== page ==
I regale you with this little anecdote because it turns out Jane and I are pretty close as far as in-laws go, and over the last decade or so she has been a positive influence in my life. To my credit, her delight, and my wife's disappointment, I have not been the rebellious influence on her daughter I could have been. And in her column, you have to chalk up a few points to the "bark worse than her bite" factor. The point, however, is that she has instructed me by challenging me.
Now, unless you are interested in marrying one of her daughters (one is still available) or going back to kindergarten (where she teaches), you cannot avail yourself of Jane's wisdom. But within ASHRAE there roam the professional equivalents of an uncompromising mother-in-law: Practitioners of the black HVAC arts, who kick us in the technical shin, challenge our notions of what is right and wrong, and stress our obligation to overcome our technological lethargy. Three of these provocateurs are Peter Simmonds, Stanley Mumma, and Bill Coad.
Over the last year I have had the honor and obligation to ride herd on Dr. Peter Simmonds as he and his firm, IBE (Van Nuys, CA,) developed the mechanical design for a modern Los Angeles office building incorporating a 430-ft-tall atrium. The design implements displacement ventilation, chilled ceilings, and chilled floors. That's right, chilled floors. Simmonds' confidence can either be infectious or obnoxious, depending on whether you are in his corner or not.
But what is undeniable is that he has challenged the entire design team, including the architects, program managers, commissioning agents, and endusers to push the frontier and to redefine the cutting edge of HVAC design. What can be disquieting - no, downright frightening - is that when you forge ahead, you quite often outrun your resources, which in this case is simulation software. That's when sheer chutzpah comes in to play, of which Simmonds has no lack.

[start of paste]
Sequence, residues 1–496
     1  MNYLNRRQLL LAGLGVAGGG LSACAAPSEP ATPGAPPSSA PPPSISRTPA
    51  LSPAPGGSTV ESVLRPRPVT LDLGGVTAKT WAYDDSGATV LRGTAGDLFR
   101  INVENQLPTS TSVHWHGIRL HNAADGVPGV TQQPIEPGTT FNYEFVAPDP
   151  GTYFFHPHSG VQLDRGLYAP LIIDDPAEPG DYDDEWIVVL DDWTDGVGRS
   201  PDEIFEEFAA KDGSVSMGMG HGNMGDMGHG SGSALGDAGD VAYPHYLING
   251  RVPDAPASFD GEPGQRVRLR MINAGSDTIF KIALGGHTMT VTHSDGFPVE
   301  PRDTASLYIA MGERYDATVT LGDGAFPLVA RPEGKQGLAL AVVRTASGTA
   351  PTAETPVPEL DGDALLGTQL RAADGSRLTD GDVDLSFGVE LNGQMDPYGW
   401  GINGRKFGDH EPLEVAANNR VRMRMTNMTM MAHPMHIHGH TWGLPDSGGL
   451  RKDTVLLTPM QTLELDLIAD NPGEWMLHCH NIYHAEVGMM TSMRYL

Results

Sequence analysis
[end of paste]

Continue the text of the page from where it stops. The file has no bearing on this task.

In Atlanta, a few years ago, frequent ES author Dr. Stanley Mumma, at the ASHRAE Winter Meeting, proudly proclaimed the end of an era. The paradigm of integrated ventilation and air conditioning systems was shattered. The bold new future would be DOAS and decoupled sensible cooling systems. And the cooling system he advocated was chilled ceilings, no less (What's the deal with pioneers and radiant cooling?).
Well, as far as paradigms go, integrated HVAC systems have proven to be tough to eradicate. And like Simmonds, Mumma ran into roadblocks from established and respectable sources within our community. How do you overcome the status quo? Well, in Mumma's case, he put his theory into practice in an unforgiving and leaky college classroom building at the Pennsylvania State University. You can see the status of the project, real time, at http://doas-radiant.psu.edu/. FYI, it's working.
The last seer is Bill Coad. Coad was the president of ASHRAE a few years ago but before that, he had the honor of being my boss. No treehugger he, Coad had been implementing, advocating, writing about, and teaching what he referred to as the "energy ethic" long before terms like sustainable, integrated, and high performance had entered the HVAC lexicon.
He would be the first to admit he didn't do these things just to save the earth or even save a buck. He did these things because they made sense and they were simply good engineering. Coad's ASHRAE inaugural address wasn't scratched out on a napkin the night before in some pub. It was a reflection of his long-held belief that we must rise above mediocrity when he said, " Engineering evolution without innovation will assure obsolescence ... ."
Most of us don't work on sexy, high-profile projects like Simmonds, Coad, and Mumma. Instead we toil on strip malls, office buildings, and painful renovations of cruddy old buildings. But here comes the beauty part. You can see and hear these guys and other innovators at this year's ASHRAE Meeting in Anaheim. And for the price of admission, perhaps you can be made uncomfortable enough that you step outside your comfort zone and advance the science a step or two, in your neck of the woods.
A closing thought on those who may challenge you. Each summer our families gather for Memorial Day. Jane hands me a pair of shears and sends me to her herb garden to fetch fresh spearmint for the iced tea. My green moniker not withstanding, I haven't a clue what spearmint looks like. So every year, I come back with some noxious weed or blade of grass, to the amusement of my mother-in-law. Sometimes when they challenge you, it's a noble thing. But if there is pointing and laughter involved, chances are they are just being ornery. ES